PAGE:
The next tenet was a bit of a head scratcher when I first read it:
Observe these two, even at the risk of your life.I know better than to think this is some kind of action film catch phrase, but it definitely confused me. And the UnfetteredMind.org translation wasn't much better: "Keep these two, even if your life is at risk." It still sounds so ominous, don't you think? Their explanation helps soften it a smidge:
"Internal transformation s the organizing principle of your life. Let go of your commitment to it, and you lose your life. Mind training is the method you use to transform your life. Let it go, and you fall back into reactivity."Still a little unfriendly, but not life-threatening.
This is one of those weeks when I really needed Judy Lief's insight, and she brought it to bear right away in her commentary on this teaching:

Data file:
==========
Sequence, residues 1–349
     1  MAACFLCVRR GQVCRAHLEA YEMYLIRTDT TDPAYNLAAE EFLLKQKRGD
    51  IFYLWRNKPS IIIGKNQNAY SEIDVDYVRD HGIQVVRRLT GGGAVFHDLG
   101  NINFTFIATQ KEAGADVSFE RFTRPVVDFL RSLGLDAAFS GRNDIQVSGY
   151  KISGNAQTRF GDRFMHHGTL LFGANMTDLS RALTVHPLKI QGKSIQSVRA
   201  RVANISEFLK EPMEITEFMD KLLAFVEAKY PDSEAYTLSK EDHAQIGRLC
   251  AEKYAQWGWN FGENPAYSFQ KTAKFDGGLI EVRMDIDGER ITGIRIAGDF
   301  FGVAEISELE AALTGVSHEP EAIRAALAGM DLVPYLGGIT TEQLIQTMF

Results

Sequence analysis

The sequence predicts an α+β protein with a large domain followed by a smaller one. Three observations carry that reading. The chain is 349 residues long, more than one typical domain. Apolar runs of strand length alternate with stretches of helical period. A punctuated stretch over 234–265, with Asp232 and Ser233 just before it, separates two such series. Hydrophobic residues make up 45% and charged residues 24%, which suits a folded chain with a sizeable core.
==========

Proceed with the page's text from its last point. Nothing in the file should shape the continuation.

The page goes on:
"The two primary vows or commitments of the Buddhist path are the refuge vow and the bodhisattva vow. More generally, the two primary commitments one makes on the spiritual path are to work on oneself and to help other beings. These two vows provide fundamental guidelines for how to approach your practice and your daily life."That's when it clicked: this is the next evolution of all the mindfulness I've been practicing. It's like that old joke about Carnegie Hall. But now, it's not just paying attention: it's about what to do with the things I notice. In the mindfulness, I need to remember to practice loving kindness with others and with myself. And working on mindfulness and presence gives me the opportunity to take that pause and have my actions guided by these principles.
Lief's parting advice resonated as well:
"What would change if you took seriously the two principles of working on yourself and helping others as the measure of your actions? How committed are you to yourself or to others?"So, that's what I'll be working on. Until next time, namaste and all that.